After a bit of back and forth, Martin Liška very helpfully came up with a contained reproducer that allowed us to see what had actually happened. I had broken a pretty common idiom, which meant that those applications would have false positive aborts, something that hadn’t happened with _FORTIFY_SOURCE before. That is until I found an excuse that I could use to point the finger back at you (which includes past me, who is clearly a different person, no?), the developer!

Object Lifetimes

clang 13 also broke with the test case Martin shared after I altered it a bit to fortify fread. That gave me first relief because clearly whatever I did wrong, the smart folks in the clang community did wrong too. So I wasn’t that stupid. Then of course, there was this, which put our collective ‘stupidity’ into perspective, kinda letting us off the hook:

Section 6.2.4 of the ISO C standard (I’m referring to an April 2011 draft because who even in their right minds pays for their copy?!) has this in point number 2:

The lifetime of an object is the portion of program execution during which storage is
guaranteed to be reserved for it. An object exists, has a constant address, and retains
its last-stored value throughout its lifetime. If an object is referred to outside of its
lifetime, the behavior is undefined. The value of a pointer becomes indeterminate when
the object it points to (or just past) reaches the end of its lifetime.

It clearly states that even the value of the pointer pointing to the object is not reliable after it has been freed, so not only should one avoid dereferencing the pointer after it is freed, they should refrain from using it altogether.

Essentially, the comparison with the old pointer results in undefined behaviour. I don’t think the standards committee intended to invalidate this specific idiom with that language, but it does allow compilers the freedom to make assumptions about pointer validity and this idiom ends up trouncing on it. It is possible for the compiler to look for a dominating realloc and update its expectations for size in very specific cases, but it still remains largely unsupported. It won’t, for example, work in cases where a reallocation has been wrapped in a function without any malloc attribute annotations. In fact, gcc 12 has a new -Wuse-after-free option that warns users of this that I, admittedly, once thought was too harsh.

EDIT 2022-04-21: This spawned a conversation in the rust community and Ralf Jung pointed out a way to think about this in pointer provenance terms and does not rely on the above C standard indeterminate pointer clause. This is very relevant because what the object size pass does in this context is essentially pointer provenance (albeit limited and somewhat incomplete), which makes it natural for it to trip on this implicit assumption of o == n. Continuing to use o (and any pointers derived from it) in this context is incorrect.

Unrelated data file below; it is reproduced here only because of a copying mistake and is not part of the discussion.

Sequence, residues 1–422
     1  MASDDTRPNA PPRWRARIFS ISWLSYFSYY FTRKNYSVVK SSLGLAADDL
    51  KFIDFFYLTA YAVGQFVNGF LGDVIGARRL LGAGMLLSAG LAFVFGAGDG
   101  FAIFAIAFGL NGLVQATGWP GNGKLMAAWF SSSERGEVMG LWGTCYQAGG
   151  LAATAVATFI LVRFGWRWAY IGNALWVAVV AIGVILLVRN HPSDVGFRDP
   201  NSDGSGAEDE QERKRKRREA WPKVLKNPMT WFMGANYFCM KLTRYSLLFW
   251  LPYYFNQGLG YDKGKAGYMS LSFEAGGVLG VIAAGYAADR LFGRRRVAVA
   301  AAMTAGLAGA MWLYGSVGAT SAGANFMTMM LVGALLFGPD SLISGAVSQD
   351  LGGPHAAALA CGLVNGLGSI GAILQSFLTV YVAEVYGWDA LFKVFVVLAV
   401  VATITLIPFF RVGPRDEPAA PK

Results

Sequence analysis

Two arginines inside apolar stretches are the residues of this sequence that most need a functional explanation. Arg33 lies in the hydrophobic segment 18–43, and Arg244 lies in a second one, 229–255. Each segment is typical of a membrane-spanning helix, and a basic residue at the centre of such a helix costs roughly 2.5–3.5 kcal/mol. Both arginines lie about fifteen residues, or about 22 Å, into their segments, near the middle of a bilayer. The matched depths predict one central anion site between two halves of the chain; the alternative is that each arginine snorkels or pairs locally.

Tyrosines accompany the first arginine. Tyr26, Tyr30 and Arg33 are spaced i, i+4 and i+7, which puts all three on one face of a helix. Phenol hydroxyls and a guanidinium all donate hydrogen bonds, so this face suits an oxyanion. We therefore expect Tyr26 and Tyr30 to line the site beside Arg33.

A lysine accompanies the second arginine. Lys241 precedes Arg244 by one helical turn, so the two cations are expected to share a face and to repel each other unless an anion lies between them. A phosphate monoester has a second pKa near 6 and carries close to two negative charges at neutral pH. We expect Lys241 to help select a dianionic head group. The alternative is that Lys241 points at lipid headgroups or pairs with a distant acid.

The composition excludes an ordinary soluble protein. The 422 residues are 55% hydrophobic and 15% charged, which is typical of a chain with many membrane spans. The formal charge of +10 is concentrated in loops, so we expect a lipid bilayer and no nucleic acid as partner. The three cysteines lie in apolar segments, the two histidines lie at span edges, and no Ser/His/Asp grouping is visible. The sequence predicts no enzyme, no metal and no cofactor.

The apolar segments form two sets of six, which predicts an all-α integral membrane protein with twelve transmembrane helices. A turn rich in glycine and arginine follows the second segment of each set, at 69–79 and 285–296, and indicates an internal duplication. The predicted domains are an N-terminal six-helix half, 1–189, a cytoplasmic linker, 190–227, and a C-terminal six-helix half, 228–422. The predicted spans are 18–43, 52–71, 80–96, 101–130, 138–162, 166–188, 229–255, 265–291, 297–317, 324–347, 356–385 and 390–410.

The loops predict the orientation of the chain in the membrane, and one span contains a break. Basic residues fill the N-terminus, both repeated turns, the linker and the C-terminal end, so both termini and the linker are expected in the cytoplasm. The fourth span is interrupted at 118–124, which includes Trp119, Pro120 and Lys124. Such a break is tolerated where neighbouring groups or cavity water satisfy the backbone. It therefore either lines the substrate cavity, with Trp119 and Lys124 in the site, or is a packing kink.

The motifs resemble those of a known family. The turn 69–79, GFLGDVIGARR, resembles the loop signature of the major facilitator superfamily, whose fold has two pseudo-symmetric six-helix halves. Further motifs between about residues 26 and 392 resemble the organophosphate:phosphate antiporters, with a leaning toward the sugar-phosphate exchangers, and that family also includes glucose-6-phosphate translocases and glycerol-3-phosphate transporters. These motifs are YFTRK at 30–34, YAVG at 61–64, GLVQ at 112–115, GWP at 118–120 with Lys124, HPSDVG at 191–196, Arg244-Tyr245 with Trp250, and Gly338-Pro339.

Getting better together

I’m going to try and support some of these simple cases in gcc during the gcc 13 cycle but in general, this is undefined behaviour. If your code uses this idiom, you should start weaning away from it if it’s not performance sensitive and unconditionally update pointers once their lifetime ends.

Deploying _FORTIFY_SOURCE=3 more widely has been a learning experience (all owing to Martin Liška’s efforts since he was the one building thousands of packages and reporting bugs!) in the deeper implications that __builtin_dynamic_object_size would have when replacing __builtin_object_size. Another interesting implication was the misuse of malloc_usable_size and equivalent interfaces that we discovered with systemd and jemalloc that open up deeper design questions for malloc interfaces. More on that in a separate post either here or on one of the Red Hat blogs.

A simple change of more precise object sizes and wider coverage ended up not only weeding out actual overflows, but also some interesting corner cases and “adventurous” programming practices. I’m going to start rolling some of this out into Fedora near the end of the year and we’ll hopefully have better mitigations in Linux distributions very soon.

Comments

Higher order functions in C?

Posted: Jun 10, 2012, 10:01

The Structure and Interpretation of Computer Programs course has a class on higher order functions, which is the ability of a function to accept a function and/or returns another function that uses the input function. The C programming language has very limit capability to do this and it is limited to being able to accept function pointers or return function pointers. I wanted to explore this limitation further to figure out exactly how far I can stretch this, so I wrote a small C program that tries to emulate this concept. This is just random tinkering, so if the reader is looking for a specific lesson, then let me clarify that there is none.